My converter does plug directly into the power center, so all I do is unplug. Since I do have an inverter charger, my default setting is unplugged.

MitchF150

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Posted: 02/20/21 01:29pm Link  |  Quote  |  Print  |  Notify Moderator

I'm just farting in the wind here... ha, ha.. I don't know much about this either, but can't you have a battery disconnect switch to the trailer's 12 v system, then wire the 2k watt invertor directly to the battery and then plug your shore power to it and then essentially be the same as hooking it up to a generator? Then get a second battery disconnect for the 2k watt invertor and switch beteen the 2 as needed?

With the trailers battery essentially 'offline' in the system, everything will be running off of your battery connected 2k watt invertor, even the 12v systems..

You might lose some watts in the transfer with the 30amp shore power plug and dog bone connection, but, when I use the battery disconnect on my TT and then plug in the shore power, everything still works, 120v and 12v stuff. Just not charging the batteries.

Dunno... Good luck! Mitch
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mr_andyj

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Posted: 02/23/21 10:56am Link  |  Quote  |  Print  |  Notify Moderator

Hard to follow your OP question.
Yes, if your inverter is connected to the battery (properly - pos and neg in the right spot) AND you turn the inverter on then the female inverter outlet should be giving 120 volts, as you confirmed by plugging a light directly into the inverter.

If the inverter is wired into the same wires as the outside connection to shore-power then the inverter should power up your entire panel and all the outlets in the camper, including fridge and Air Cond.

Inv will not run the AirCon, if Air Con is trying to come on then that is the first issue and could be shutting down the inverter, same for the fridge electric setting, same if you have a 2-way boiler set on electric. There should not be anything else hard-wired in that would make a big draw.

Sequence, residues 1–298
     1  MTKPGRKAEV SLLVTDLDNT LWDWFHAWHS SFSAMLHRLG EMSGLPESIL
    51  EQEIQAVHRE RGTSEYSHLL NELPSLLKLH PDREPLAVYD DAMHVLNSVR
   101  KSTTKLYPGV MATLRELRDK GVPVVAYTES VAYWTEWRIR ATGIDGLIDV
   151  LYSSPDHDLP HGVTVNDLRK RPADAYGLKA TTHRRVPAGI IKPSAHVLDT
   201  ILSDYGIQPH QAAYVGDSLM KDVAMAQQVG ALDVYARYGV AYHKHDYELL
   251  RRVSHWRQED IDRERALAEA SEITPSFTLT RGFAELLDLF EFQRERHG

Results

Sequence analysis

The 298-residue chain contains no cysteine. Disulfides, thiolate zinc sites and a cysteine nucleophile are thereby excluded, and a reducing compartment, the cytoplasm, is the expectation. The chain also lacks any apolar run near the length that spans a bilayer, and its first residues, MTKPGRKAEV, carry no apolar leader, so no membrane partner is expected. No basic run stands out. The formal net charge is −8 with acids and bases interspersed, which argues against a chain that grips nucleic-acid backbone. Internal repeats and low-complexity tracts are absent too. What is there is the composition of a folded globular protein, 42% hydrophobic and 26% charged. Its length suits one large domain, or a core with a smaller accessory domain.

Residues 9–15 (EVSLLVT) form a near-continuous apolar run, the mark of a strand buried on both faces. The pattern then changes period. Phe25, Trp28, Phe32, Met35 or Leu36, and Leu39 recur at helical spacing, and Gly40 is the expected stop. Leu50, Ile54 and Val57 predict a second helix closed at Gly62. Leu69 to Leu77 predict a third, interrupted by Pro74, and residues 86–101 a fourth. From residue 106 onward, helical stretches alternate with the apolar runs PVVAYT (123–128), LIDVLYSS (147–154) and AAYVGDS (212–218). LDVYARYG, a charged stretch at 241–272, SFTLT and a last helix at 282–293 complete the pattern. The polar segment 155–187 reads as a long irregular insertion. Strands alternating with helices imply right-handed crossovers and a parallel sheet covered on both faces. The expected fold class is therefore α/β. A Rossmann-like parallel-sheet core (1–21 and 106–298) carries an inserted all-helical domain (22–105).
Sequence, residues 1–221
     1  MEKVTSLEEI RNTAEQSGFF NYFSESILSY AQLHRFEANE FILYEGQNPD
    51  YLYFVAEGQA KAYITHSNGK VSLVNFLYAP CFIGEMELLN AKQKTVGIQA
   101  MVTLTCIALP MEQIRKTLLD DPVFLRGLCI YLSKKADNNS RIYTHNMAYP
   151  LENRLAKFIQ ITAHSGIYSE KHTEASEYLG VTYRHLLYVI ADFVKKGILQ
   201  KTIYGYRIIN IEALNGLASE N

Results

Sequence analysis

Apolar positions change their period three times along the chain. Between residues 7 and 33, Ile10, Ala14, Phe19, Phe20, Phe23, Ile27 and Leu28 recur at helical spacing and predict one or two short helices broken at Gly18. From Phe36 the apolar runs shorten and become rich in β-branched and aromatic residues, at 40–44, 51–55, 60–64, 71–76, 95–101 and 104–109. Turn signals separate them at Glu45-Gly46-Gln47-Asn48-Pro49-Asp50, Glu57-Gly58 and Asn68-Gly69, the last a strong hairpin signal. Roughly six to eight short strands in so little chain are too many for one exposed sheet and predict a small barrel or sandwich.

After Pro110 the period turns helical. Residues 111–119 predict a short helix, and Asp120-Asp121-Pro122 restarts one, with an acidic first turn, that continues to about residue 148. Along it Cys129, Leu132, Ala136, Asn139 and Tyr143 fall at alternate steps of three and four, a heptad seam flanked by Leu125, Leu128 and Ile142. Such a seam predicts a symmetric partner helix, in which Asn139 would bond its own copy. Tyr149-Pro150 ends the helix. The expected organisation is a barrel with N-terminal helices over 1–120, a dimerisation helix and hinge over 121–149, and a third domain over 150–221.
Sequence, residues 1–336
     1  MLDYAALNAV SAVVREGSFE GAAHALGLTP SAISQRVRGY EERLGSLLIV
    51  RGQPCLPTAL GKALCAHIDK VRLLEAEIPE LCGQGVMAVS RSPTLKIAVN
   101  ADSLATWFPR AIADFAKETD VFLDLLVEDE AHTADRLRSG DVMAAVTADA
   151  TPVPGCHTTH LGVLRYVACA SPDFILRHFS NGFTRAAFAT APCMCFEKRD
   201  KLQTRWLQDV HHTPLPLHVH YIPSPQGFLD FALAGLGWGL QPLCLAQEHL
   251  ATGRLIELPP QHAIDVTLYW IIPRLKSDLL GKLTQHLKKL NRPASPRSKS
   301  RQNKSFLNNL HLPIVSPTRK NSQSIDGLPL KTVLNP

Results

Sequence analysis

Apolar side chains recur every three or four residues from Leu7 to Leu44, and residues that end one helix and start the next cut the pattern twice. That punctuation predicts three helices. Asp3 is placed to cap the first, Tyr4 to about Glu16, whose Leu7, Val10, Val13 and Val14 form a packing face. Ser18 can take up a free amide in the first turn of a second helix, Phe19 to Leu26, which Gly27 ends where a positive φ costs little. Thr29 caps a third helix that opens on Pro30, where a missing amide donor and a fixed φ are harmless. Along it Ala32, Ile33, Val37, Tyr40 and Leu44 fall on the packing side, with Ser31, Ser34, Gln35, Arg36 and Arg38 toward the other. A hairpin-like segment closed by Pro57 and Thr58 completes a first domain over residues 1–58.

Re-confirm that the inverter is providing power as you could have blown a DC fuse that the inverter has on the backside.
Is there a reset switch on the inverter (built in circuit breaker)?

If you are handy with wiring you can wire it so you are not having to flip switches and remember what is plugged in and worry if the dogleg thing is going to back-feed your inverter and blow it out...

On my first rig I had shore power, generator and inverter all powering the camper.
Shore and gen went into the breaker box and that powered A/C, Fridge and Charger, and boiler. There was an A-B switch that only let one power source power the breaker box (gen or shorepower).

When I added the inverter all I was going to power was the outlets, not anything hard-wired into the camper, so made it easy.
I used a toggle switch of proper amperage to select power from the breaker box or power from the inverter.
I put this switch in-line with the wire coming out of the breaker box that fed the outlets. This isolated the inverter from the breaker box (a/c, fridge, charger, boiler), and let me power the outlets.
This made it impossible for the inverter to back-feed the breaker box or the generator or shore-line city power, which means the inverter would net get fed shore or generator power either.

I wired the toggle switch from the "hot" wires so was choosing hot from either inverter or the panel. The ground and other wire, which was grounded, was shared.

Hope this helps you or anyone